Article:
In any SHTF (Sh*t Hits The Fan) scenario, the adage "there is strength in numbers" rings truer than ever. Survival becomes a far more attainable goal when you have allies to share the load. That's why forming a prepper group is a prudent step for ensuring you have a dependable support system in place during challenging times.
When it comes to recruiting members for your prepper group, your inner circle of close friends and family is the ideal place to begin. However, it's important to acknowledge that not everyone in your immediate network may share your prepping mindset.
In the event that your loved ones aren't preppers, it becomes necessary to broaden your horizons and make new like-minded friends who can contribute to your survival network.
Start by casually incorporating prepping into your discussions with neighbors or acquaintances. A good way to segue into this topic is by referencing recent natural disasters featured in the news. From there, you can smoothly shift the conversation towards potential disasters specific to your region and discuss your own preparations.
This is also an excellent opportunity to mention the importance of FEMA and the federal government's recommendation for a 72-hour emergency kit. You can offer assistance in setting up such a kit and even contribute some surplus gear you might have on hand.
If the people you engage with show interest and begin preparing for short-term emergencies, you can gradually encourage them to contemplate longer-term scenarios. The news is a valuable ally in driving home the significance of these preparations. Neighbors who develop 72-hour kits might not instantly qualify for your prepper group, but those who take prepping seriously could eventually become ideal members.
Stay vigilant and observe their progress in their prepping journey, so you can identify the right moment to extend an invitation to your group.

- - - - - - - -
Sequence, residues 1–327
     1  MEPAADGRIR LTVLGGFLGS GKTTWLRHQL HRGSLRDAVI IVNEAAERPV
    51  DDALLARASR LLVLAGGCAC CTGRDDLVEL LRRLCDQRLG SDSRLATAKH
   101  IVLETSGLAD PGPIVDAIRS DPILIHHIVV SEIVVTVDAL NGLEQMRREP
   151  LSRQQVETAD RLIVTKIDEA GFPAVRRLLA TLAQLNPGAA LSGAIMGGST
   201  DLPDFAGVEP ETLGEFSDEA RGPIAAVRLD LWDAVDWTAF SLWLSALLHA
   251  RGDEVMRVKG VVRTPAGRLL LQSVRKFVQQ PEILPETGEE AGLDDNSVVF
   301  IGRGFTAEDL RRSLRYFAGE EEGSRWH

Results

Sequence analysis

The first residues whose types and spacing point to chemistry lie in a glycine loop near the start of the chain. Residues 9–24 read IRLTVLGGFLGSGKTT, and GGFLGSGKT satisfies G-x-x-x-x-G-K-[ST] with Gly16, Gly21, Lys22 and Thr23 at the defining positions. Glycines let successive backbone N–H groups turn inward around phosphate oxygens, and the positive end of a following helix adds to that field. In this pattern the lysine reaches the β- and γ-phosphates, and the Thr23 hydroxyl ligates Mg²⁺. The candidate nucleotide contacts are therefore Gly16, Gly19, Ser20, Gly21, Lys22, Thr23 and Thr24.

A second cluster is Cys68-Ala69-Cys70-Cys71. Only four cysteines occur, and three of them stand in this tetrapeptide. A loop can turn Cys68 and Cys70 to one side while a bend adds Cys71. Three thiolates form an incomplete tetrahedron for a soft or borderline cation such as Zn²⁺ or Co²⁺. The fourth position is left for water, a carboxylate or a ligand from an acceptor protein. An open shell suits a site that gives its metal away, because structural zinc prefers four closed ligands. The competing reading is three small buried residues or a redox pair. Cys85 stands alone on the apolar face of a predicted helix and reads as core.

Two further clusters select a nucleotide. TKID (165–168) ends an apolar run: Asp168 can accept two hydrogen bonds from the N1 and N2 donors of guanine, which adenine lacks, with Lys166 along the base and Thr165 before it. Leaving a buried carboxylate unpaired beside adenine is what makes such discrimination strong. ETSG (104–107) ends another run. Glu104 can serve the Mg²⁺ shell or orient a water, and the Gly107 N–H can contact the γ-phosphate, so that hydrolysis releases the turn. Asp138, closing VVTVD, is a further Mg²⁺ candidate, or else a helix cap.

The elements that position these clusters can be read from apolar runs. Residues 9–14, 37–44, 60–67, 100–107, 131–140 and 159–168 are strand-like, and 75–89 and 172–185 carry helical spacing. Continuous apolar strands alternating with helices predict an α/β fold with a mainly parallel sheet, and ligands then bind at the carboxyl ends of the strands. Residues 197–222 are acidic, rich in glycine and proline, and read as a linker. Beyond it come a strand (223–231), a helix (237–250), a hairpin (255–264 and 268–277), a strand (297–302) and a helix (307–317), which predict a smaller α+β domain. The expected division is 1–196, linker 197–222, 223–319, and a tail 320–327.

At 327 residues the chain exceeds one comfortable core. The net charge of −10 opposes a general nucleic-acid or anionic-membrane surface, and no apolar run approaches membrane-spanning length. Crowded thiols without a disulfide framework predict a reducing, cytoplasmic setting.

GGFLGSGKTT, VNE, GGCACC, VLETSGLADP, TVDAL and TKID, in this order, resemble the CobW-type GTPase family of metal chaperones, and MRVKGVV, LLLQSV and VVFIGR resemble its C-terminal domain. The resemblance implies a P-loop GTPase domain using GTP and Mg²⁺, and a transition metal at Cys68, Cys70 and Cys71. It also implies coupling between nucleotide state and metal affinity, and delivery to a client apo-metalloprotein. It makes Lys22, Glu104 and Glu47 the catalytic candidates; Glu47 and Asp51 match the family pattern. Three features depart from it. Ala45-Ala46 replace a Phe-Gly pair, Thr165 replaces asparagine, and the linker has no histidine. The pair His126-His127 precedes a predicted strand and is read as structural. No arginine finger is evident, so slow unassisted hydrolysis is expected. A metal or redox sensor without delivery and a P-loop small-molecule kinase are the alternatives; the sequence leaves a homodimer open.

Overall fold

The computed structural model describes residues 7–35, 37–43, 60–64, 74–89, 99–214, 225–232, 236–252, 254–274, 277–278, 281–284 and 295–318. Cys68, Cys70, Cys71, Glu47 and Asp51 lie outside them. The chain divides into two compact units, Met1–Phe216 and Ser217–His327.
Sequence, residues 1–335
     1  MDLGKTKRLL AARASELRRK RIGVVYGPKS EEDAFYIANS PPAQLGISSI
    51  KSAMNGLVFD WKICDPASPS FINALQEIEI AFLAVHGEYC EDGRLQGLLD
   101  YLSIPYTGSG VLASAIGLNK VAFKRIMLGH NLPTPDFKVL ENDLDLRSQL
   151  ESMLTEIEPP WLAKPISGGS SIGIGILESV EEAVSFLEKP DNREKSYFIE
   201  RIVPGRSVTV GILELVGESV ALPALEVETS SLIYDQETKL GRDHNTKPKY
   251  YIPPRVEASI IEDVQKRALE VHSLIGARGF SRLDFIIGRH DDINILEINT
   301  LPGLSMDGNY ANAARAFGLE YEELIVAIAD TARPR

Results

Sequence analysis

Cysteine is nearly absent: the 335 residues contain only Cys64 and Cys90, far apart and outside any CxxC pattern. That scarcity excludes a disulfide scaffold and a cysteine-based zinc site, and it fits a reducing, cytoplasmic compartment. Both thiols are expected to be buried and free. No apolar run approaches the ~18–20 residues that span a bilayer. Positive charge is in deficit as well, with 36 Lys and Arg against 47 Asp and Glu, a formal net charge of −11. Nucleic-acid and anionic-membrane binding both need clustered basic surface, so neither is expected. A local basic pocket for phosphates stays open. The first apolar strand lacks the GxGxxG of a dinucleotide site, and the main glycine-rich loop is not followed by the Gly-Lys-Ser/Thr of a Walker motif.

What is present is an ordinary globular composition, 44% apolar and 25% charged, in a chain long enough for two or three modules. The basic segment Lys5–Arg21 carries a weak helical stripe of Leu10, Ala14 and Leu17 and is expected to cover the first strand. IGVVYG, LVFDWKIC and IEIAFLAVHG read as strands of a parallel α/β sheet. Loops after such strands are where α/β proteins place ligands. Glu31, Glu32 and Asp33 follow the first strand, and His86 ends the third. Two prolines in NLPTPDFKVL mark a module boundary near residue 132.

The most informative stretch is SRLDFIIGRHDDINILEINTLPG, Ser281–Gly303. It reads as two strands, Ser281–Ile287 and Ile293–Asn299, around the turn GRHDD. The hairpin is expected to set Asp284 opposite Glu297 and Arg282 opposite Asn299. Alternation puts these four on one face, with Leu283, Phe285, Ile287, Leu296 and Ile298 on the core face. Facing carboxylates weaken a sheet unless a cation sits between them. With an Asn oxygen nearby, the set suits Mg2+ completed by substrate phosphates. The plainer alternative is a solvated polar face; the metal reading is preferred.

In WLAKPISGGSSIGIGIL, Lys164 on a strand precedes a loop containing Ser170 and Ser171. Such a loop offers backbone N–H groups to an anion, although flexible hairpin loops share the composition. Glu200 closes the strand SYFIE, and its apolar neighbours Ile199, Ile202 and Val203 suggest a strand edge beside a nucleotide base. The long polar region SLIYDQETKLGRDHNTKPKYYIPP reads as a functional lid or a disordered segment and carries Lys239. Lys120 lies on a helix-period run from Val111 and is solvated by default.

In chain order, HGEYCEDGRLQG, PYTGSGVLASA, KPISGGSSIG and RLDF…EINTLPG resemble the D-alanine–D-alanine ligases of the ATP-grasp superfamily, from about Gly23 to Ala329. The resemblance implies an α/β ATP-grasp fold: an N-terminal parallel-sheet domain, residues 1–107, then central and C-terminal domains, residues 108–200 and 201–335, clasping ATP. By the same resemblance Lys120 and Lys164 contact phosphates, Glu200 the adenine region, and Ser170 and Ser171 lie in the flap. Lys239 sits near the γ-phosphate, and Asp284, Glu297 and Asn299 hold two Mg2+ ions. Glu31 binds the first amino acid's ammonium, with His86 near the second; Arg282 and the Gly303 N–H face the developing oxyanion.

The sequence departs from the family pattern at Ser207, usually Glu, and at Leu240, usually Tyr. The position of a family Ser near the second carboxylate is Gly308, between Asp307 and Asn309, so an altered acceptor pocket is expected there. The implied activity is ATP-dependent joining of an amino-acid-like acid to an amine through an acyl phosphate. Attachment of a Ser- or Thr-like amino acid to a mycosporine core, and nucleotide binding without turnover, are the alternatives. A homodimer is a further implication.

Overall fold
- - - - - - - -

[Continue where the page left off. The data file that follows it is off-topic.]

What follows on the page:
Seek Prepping-Adjacent Hobbies
Many hobbies align with the prepper and survivalist mindset, making them excellent hunting grounds for potential group members. Some examples of prepping-adjacent hobbies include shooting, ham radio operation, canning, hunting, food preservation, camping, backpacking, and overlanding.
It's highly likely that if you have an interest in any of these hobbies, other preppers in your community share the same passion. All it takes is some friendly conversation to introduce the subject of prepping. After identifying individuals interested in prepping, assess whether they possess the qualities and skills that align with your group's objectives.
Conversations About Prepping
When evaluating potential group members, engage in discussions about preparedness and inquire about their prepping endeavors. Be cautious about disclosing too much sensitive information. While you want to convey your commitment to prepping, you should avoid revealing the full extent of your preparations.
Keep in mind that dedicated preppers are often cautious about sharing the complete details of their preps as well. Building trust and relationships over time is crucial for sharing such confidential knowledge.